Few generations talk as passionately about doing good in the world as the one currently emerging on the scene. College students and twenty-somethings are concerned about injustice in the world. They want to eradicate poverty, embrace green technology, fight the spread of AIDS, provide education to the disadvantaged, restore civility in public discourse, and put an end to oppression. President Obama’s message of hope and change in the 2008 campaign resonated so strongly with 18-29 year olds that they turned out to the polls in historic numbers and voted 2-1 for Democrats.
The same is true in the church where this generation has embraced the social justice aspects of the Christian faith with a renewed fervency. While a previous generation may have seen a committed Christian as one with a near-perfect Sunday school attendance record, the current generation sees a committed Christian as one who sponsors a destitute child in Africa. They see the church as a force for good in the world and want to see it increasingly involved in not only spreading the gospel but in helping the poor, healing the sick, cleaning up the environment, and securing the rights of the oppressed.
But there is a fly in the ointment, so to speak. While this generation talks the talk of doing good, they do not walk the walk. Notre Dame sociologist Christian Smith in his book Souls in Transition: The Religious and Spiritual Lives of Emerging Adults concludes that while this generation views volunteering and giving as good things, they are largely good things for someone else to do. He writes:
…nearly all assume that volunteering and financial giving are simply unrelated to their current existences, but perhaps will become more important at some future time in life. Someday, when they have a lot more time and money than they do now, they may begin to volunteer and give money to good causes.
Only 34% gave $50 or more in charitable donations and only 40% volunteered for some kind of non-required community service in the past year. Needless to say, fifty dollars and a few hours a year isn’t exactly a serious level of engagement; which makes the failure to reach it even more revealing.
Many claim they cannot give because they don’t have any time or money to spare, but they will in the future. But are we really so broke? If you make $4,000 in a year, you are in the top 20% of world wealth. If you make more than $11,000 a year as an individual, you are above the U.S. poverty line. Thus, the problem is not a lack of money – we are richer than the vast majority of the planet. As for the hope you’ll have more time and money in the future, the reverse is actually true. As family and work responsibilities increase, time and disposable income decrease. It turns out that owning a home, raising children, advancing in a career, and growing old actually make more demands on a person’s time and money, not less.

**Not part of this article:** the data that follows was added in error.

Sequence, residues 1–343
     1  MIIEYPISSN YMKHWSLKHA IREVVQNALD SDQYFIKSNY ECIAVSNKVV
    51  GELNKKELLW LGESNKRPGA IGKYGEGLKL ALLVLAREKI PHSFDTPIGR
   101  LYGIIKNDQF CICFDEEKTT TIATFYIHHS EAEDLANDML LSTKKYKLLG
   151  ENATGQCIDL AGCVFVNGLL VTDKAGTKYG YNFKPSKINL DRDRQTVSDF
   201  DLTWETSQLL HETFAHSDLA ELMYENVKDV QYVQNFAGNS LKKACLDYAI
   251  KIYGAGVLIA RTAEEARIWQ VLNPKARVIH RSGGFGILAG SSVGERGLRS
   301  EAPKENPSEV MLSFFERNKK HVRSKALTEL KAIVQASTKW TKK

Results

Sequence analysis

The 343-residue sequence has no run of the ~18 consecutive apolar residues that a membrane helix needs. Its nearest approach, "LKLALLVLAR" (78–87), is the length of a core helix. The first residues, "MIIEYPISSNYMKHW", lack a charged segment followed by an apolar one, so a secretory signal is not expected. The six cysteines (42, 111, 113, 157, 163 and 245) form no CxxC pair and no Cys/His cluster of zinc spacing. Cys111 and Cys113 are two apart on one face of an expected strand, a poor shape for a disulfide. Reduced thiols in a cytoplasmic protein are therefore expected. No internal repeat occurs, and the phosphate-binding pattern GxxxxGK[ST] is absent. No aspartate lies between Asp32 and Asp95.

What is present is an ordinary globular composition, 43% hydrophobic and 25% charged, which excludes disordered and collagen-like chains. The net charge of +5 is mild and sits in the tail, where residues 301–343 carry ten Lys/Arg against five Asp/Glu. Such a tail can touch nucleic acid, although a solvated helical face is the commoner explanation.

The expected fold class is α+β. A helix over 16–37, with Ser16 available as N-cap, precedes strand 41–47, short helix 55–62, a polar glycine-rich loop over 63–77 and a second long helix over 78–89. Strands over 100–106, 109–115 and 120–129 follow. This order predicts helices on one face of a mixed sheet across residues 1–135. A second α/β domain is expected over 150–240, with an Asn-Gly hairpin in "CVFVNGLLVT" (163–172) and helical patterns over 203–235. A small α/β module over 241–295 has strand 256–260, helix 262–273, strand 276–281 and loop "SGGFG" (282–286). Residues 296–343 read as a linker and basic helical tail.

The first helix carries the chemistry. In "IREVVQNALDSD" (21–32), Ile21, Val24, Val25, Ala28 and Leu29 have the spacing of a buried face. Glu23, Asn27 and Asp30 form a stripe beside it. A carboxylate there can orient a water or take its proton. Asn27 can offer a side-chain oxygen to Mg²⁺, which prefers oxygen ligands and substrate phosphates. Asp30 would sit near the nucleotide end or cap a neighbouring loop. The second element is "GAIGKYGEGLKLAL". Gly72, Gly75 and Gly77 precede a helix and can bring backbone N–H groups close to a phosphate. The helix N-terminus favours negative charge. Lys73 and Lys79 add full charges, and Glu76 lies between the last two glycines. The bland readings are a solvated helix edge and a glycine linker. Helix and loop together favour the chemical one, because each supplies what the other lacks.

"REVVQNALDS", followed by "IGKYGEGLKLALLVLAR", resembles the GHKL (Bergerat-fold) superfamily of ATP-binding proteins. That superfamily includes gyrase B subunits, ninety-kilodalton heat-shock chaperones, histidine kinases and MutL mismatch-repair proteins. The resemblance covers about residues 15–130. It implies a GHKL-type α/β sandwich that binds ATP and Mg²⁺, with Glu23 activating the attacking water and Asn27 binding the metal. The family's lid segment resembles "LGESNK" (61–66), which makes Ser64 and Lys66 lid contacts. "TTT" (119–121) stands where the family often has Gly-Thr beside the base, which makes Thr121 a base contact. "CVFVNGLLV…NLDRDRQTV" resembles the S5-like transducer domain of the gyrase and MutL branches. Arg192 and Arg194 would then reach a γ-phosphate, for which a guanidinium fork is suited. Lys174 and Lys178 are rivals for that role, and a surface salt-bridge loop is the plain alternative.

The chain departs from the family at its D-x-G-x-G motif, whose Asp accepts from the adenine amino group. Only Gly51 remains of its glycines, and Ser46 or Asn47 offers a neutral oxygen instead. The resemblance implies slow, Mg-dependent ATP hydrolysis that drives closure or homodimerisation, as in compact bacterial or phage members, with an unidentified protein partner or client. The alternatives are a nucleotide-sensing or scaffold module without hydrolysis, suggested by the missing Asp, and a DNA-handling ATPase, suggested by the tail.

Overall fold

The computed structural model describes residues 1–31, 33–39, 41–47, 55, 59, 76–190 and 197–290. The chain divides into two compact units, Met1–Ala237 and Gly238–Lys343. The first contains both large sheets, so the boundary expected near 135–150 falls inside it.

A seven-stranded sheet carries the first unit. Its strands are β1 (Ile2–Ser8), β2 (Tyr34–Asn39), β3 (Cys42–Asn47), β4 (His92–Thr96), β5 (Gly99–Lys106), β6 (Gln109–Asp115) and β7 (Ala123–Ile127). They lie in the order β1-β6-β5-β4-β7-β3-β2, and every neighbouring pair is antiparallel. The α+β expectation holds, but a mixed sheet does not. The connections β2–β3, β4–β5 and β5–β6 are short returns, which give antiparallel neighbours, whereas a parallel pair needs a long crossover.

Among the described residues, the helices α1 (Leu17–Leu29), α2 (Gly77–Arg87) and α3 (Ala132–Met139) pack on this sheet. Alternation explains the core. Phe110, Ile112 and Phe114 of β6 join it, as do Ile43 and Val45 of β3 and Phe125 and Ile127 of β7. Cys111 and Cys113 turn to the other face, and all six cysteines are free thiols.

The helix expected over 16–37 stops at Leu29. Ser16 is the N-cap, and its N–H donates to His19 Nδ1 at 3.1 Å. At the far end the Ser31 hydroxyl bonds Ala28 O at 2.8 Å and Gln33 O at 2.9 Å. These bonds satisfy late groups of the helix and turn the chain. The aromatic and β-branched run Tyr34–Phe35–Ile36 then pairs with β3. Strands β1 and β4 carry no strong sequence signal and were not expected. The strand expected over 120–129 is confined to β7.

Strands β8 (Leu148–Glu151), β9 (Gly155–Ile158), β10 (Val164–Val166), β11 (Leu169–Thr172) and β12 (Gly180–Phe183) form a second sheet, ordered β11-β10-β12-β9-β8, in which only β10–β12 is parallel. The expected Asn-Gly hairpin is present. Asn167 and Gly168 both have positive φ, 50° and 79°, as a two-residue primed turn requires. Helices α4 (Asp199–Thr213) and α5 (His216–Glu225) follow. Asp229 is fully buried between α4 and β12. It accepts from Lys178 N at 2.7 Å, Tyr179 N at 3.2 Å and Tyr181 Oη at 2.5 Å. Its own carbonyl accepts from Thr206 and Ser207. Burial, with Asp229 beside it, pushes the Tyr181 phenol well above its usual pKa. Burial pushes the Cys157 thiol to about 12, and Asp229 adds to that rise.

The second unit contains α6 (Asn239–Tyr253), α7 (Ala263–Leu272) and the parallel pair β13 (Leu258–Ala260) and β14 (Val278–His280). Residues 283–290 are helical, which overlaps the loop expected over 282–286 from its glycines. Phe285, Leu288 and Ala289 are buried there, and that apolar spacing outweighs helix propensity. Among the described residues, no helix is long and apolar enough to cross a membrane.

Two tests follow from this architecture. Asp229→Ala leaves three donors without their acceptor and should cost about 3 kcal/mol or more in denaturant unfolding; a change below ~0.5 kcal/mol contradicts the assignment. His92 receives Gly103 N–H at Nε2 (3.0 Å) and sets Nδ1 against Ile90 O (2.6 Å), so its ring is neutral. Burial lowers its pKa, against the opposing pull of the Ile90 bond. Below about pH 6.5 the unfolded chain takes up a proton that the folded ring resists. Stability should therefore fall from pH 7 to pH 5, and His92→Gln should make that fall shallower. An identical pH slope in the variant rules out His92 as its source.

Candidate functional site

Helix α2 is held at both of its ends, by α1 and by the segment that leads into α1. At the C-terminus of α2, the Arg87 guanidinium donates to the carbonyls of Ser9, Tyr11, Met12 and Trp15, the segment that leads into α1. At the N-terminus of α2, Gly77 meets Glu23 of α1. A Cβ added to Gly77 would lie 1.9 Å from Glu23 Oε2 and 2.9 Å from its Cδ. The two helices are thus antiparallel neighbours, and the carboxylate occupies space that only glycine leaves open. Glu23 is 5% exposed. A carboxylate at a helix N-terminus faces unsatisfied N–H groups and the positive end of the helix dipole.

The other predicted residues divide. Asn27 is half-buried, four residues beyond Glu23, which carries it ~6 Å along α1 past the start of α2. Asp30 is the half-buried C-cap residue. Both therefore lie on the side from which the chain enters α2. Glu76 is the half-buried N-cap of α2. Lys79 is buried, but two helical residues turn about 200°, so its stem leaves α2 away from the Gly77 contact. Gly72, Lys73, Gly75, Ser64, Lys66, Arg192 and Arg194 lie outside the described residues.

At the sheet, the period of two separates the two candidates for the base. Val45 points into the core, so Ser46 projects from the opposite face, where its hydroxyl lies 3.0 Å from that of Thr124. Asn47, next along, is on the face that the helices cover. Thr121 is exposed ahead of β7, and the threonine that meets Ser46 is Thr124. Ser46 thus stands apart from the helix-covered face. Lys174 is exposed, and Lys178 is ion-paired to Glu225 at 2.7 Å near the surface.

What is the real reason this generation does not actively give and volunteer? Smith also writes in Souls in Transition that most young adults’ life goals sound like this: “finish education, get a good job, marry, have children, buy a nice house with a yard, raise a family, become financially secure, drive reliable cars, enjoy family vacations, enjoy family relationships, maybe have a dog.” Thus, it is essentially selfishness; not an unbridled pursuit of materialism or pleasure but a modest, secure life one can fully enjoy. We don’t give, not because we don’t think it’s important, but because we haven’t yet achieved what we truly desire. Our failure to give time and money to what we know to be worthy causes is rationalized by promising we will when the finances are stable, work slows down, school is paid for, and we finally get that iPad we’ve been needing.
This is sad in culture, but tragic in the church where 18-29 year olds are notorious for being unreliable and uncharitable. Jesus said in Matthew 6:21, “For where your treasure is, there your heart will be also.” If this is true (and I’ll assume it is), where are the hearts of this generation? If I find money for a new computer, designer jeans, and an appetizer at an upscale restaurant but have no money to give, and if I find time to hang-out, watch sports, and achieve level 60 in World of Warcraft but have no time to volunteer, the answer is obvious, even if it isn’t to me. The idea of sacrificing some aspect of our ideal life to give our time and money to something greater isn’t even in the equation.
One of the most challenging passages for this generation can be found in 2 Corinthians 8:1-4
We want you to know, brothers, about the grace of God that has been given among the churches of Macedonia, for in a severe test of affliction, their abundance of joy and their extreme poverty have overflowed in a wealth of generosity on their part. For they gave according to their means, as I can testify, and beyond their means, of their own accord, begging us earnestly for the favor of taking part in the relief of the saints.
If their extreme poverty overflowed in generosity why can our light poverty not do the same? When my wife and I were in seminary, the grace of God at work in our lives enabled us to give away roughly 10% of our income. We could not afford cable television, our furniture was hand-me-down, and Arby’s was a fancy meal. Yet after considering what Christ had done for us, how could we do less and not make some small, ultimately insignificant sacrifices for something much greater?
This is a generation easily excited about causes and doing good in the world. What would happen if we got equally as excited about making sacrifices of our modest, secure, enjoyable lives to give time and money to actually doing something about it? Giving and volunteering after we someday achieve our goals is selfishness and idolatry. I have fallen short, but I can do better now. We can do better now.